Lily Chapman, sports and exercise nutrition coach at P3rform, said: “Although protein is often associated with resistance training, eating enough protein after endurance training is equally important.
“Prolonged endurance training sessions can cause major changes in muscles – depleted fuel reserves, damaged protein structures, and waste build-up. Protein is needed to repair and refresh these structures.”
Chapman recommends adding about 0.3 grams of protein per kilogram (2.2 pounds) of body weight per meal to help support muscle building and recovery.

Some of the best protein sources include:

Chicken breast
Black beans
Tuna
Temple temple
Ground turkey
Salmon
Lentil
Yoghurt
Egg

6 ounces of lean chicken breast provides you with 54.5 grams of protein and 5% of your daily iron needs, according to the USDA. For a protein source with more iron, try dress steak – 6 ounces provides 52%, according to the USDA.

4. Legumes

Like whole grains, legumes are an excellent source of complex carbs. They are also an excellent source of protein, especially for vegetarians and vegetarians. Carbs in legumes provide you with sustainable energy while protein helps build muscle mass and support recovery.

Many legumes are also particularly rich in iron. For example, large white beans are an impressive source. They provide 37% of your daily value and 17.4 grams of protein per cup, according to the USDA.

5. Dried fruit

According to the Cleveland Clinic, dried fruits such as figs, dates, raisins and apricots are high in iron.
Dried fruits are another source of nitrates in the diet (just like in beets), which help support endurance activity, according to a June 2020 review in the journal Nutrients.
Just make sure you’re paying attention to your rations when snacking on dried fruit, as many are high in sugar.

3 foods to limit for better endurance

If you’re trying to improve your endurance, it’s best to avoid these foods just before your workout.

1. Wine

Alcohol is not a nutrient-rich option, but it may be suitable for a moderately balanced diet. That being said, it’s not the best choice right before a workout or long periods of physical activity.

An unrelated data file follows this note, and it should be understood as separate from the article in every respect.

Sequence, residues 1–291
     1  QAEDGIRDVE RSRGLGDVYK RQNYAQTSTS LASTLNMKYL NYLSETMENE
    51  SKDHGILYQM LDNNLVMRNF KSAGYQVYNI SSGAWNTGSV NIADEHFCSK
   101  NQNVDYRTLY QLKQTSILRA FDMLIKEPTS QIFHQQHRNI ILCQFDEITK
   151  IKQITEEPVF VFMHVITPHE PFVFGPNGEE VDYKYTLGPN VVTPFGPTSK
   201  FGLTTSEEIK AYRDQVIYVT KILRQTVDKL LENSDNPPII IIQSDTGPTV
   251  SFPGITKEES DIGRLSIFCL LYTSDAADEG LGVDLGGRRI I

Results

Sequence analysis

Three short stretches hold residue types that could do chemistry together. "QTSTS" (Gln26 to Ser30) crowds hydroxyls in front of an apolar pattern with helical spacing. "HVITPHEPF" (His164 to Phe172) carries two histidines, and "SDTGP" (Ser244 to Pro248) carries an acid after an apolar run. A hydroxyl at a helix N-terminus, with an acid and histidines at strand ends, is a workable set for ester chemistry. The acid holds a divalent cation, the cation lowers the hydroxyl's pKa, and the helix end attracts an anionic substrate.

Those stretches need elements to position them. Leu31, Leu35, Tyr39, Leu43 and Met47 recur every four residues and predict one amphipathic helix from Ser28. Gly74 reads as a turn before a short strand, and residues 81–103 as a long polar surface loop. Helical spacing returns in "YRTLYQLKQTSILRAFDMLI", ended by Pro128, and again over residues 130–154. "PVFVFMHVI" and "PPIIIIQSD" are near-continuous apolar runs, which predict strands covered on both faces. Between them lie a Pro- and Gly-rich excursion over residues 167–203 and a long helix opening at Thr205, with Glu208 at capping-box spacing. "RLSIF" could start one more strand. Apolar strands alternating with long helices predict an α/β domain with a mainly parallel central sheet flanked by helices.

Spano explains why: “Although a very small amount of alcohol may have no effect, larger amounts have shown a reduced endurance effect by reducing power output. It also has a diuretic effect. This can contribute to dehydration, which can reduce endurance, especially in heat.”
Before an event or endurance workout, Spano instead recommends sipping water or sports drinks. Even caffeine can support endurance levels.

2. High-fiber foods

Fiber is an essential nutrient that has many health benefits and it is a nutrient that many Americans are lacking. Prioritizing fiber in your diet is important, maybe not before endurance workouts.
“High-fiber foods during endurance training should be carefully considered,” Chapman said. Foods rich in fiber, such as vegetables, digest very slowly and long in the digestive tract. Eating them before exercising can lead to stomach pain, which will interfere with your performance.”

3. High-fat foods

Healthy fats such as avocados, nuts, seeds and olive oil are beneficial for overall health and are necessary for good nutrition. While it’s important to have them in your diet, they’re not the ideal source of energy for endurance training.
Spano says: “Although some fat is used during exercise, it is a slow source of fuel. “Relying primarily on dietary fat will cause you to slow down and reduce your performance.” You especially want to avoid fried foods before exercising.